Navigating the Out-of-Body Experience, by Graham Nicholls, Llewellen Publications, 2012, 266 pages.
In 2016, I was fortunate enough to take an online class that Graham Nicholls was teaching through the Rhine Research Center on out-of-body experiences. I have a strong interest in astral projection, out of body experiences, and remote viewing so after taking the class, his book intrigued me. His book was subtitled “radical new techniques,” and it seemed like every book that has been published on OBEs followed the same format. After reading this refreshing book the information I learned from his online class took my interest to another level.
The book contains 13 chapters and an appendix section that includes new techniques and approaches. Nicholls goes extensively into the scientific research and its relation to near-death experiences and remote viewing. Nicholls also brings to light the skeptical arguments against out-of-body experiences, and addresses them head on.
Nicholls has been able to succeed in condensing the many facets of the out-of-body experience into this book. Nicholls’s book is not just a presentation of theories and hands-on techniques, but it also dis- cusses actual research in which interesting results have occurred. His writing is easily understood and he presents the out-of-body experience in a logical manner. He sufficiently explains the different types or methodologies of inducing an out-of-body experience as well as the protocols involved in a preparing for one.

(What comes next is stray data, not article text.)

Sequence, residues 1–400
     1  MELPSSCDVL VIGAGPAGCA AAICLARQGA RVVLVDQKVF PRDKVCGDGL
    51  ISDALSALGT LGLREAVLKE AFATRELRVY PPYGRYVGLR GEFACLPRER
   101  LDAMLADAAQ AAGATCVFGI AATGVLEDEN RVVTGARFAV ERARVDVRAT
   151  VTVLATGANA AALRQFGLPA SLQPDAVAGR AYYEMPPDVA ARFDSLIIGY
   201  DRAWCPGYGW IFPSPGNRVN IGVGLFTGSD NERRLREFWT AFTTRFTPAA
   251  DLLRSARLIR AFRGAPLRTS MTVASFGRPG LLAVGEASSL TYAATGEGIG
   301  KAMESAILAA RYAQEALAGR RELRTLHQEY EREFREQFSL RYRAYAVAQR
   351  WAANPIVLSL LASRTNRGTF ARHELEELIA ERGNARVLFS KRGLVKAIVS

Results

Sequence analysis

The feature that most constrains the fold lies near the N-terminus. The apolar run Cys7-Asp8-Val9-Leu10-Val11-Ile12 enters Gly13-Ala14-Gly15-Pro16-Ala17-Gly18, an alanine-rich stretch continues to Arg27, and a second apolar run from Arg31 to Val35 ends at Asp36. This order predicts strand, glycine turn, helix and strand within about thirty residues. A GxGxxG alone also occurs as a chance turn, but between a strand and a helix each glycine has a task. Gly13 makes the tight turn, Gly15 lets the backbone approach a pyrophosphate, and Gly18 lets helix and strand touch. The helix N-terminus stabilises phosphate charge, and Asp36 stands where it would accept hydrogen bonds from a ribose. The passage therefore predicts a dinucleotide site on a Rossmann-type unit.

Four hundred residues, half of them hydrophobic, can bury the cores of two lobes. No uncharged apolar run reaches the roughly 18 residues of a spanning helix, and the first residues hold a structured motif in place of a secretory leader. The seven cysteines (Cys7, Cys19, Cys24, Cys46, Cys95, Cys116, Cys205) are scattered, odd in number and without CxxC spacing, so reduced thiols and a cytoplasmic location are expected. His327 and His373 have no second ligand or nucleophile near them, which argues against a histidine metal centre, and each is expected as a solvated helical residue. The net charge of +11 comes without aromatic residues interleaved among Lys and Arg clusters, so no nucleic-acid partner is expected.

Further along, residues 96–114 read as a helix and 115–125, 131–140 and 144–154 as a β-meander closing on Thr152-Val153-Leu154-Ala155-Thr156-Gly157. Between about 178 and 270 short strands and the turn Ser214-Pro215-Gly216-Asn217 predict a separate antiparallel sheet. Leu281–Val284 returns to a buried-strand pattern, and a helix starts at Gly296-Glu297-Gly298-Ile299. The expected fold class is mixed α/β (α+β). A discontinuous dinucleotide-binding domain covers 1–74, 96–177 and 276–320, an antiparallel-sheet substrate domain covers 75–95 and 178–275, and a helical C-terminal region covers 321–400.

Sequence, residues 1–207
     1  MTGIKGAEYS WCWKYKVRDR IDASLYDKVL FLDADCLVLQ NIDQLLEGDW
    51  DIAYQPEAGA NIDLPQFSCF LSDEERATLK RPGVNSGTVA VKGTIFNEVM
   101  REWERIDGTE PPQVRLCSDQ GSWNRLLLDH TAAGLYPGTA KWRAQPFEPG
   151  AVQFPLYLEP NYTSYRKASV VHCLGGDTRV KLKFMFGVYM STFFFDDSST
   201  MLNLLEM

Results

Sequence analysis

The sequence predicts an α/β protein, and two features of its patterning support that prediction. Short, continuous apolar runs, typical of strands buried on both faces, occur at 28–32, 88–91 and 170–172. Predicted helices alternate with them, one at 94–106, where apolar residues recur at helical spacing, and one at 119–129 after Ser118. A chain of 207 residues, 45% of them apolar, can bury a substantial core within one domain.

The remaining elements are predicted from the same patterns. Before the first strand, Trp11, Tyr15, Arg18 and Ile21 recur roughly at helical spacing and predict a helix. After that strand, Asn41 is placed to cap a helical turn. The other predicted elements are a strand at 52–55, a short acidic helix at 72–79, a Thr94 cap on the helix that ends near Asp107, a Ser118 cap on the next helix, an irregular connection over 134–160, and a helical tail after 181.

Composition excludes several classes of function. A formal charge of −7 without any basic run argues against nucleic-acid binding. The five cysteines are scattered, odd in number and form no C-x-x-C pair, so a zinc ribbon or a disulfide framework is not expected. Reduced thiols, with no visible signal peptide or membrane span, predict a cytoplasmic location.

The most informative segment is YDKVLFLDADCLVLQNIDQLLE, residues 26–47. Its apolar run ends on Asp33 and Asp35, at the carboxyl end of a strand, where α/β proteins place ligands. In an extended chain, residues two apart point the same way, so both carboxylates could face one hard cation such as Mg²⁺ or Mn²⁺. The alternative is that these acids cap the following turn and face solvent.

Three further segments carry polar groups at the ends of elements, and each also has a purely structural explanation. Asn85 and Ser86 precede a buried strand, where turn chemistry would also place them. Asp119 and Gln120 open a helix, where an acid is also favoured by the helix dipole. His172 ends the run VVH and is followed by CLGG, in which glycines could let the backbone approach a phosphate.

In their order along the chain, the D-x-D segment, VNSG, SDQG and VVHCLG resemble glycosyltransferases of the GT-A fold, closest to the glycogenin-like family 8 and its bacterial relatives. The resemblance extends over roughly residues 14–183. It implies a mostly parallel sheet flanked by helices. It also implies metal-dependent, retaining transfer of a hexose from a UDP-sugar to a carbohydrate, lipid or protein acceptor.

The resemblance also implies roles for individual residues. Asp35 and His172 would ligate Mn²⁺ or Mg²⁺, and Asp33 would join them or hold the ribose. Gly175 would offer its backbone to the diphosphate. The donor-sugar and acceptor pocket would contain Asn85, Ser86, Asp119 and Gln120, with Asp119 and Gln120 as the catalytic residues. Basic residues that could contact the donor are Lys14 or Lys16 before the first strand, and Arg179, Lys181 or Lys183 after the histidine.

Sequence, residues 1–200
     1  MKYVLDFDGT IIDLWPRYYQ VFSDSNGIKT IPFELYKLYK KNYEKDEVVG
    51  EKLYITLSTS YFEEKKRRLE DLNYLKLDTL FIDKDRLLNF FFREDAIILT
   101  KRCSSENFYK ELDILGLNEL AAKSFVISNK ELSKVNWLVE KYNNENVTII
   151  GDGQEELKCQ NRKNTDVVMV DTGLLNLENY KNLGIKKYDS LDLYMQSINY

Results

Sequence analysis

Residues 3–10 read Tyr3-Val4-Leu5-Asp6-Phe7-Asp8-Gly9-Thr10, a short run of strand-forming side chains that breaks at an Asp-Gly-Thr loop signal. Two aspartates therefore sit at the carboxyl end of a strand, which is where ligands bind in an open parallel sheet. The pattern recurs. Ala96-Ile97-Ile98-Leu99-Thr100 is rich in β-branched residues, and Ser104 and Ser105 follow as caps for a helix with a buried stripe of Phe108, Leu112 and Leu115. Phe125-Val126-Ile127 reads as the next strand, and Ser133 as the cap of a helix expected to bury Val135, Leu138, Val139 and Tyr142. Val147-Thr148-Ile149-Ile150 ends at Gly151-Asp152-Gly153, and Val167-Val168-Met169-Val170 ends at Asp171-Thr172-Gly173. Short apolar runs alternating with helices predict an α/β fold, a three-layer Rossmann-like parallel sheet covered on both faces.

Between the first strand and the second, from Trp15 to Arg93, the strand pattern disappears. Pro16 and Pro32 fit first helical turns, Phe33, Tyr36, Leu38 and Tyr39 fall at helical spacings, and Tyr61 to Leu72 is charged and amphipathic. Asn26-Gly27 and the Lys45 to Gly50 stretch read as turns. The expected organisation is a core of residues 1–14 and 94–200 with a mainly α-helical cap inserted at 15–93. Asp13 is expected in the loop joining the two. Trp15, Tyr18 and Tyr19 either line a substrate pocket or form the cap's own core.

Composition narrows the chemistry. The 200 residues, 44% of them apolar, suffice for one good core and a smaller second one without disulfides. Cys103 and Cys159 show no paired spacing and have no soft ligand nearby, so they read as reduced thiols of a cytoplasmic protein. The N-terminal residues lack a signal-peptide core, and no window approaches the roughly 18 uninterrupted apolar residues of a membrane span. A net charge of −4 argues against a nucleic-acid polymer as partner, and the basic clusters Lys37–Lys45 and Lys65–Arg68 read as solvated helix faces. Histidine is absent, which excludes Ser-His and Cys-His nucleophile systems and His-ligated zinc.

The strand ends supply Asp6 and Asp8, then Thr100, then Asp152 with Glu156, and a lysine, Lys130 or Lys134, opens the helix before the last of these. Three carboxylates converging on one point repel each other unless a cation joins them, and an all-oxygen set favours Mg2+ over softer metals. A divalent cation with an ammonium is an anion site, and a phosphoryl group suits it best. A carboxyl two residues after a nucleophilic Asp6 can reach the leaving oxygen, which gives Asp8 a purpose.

Nicholls has interesting and unique theories of how exactly the out-of-body experience and the mind work. His extended mind theory is the idea that instead of consciousness leaving the body through an astral or etheric body, an expansion of awareness takes place. It’s a new approach to the methodology of the phenomena and he closely relates it to remote viewing. His correlation between out-of-body and remote viewing is explained through his personal experiences and techniques. Nicholls states, “Most books on OBEs assume the existence of an astral, etheric or other subtle body. In this book I want to avoid such assumptions as much as possible because we have the possibility of learning something new when we look with fresh eyes.”
I was glad that the book was not written in a step-by-step format or in the typical astral projection book outline. Nicholls does a good job of inter- changing historical research, with experiences and techniques. Each chapter tackles a different aspect of the out-of-body experience, from future expectations to traveling through time. The appendix section of the book has over 30 pages dedicated to techniques and approaches that readers can use. It views the human being as a controlled system, and explains the different factors that influence OBEs. This includes advice on sleeping environments, diet, meditation, visualization, breathing, etc. Nicholls lets the reader determine which approach and factors to focus on. He also gives an example of a weekly and daily schedule to enhance your chances of having an experience.
Overall, despite what methodology one chooses to use to practice, Nicholls offers the tools, protocols and structure on how to successfully achieve an out-of-body experience. His book teaches us that given time, effort, and focus, anyone can induce an out-of-body experience. Nicholls’s best attribute is the ability to explain the effect OBEs have on his everyday life and using those experiences to inspire and teach others. It’s in this area that the book achieves its greatest success and would be a valuable resource for any reader interested in out- of-body experiences.
– Tyler Stevens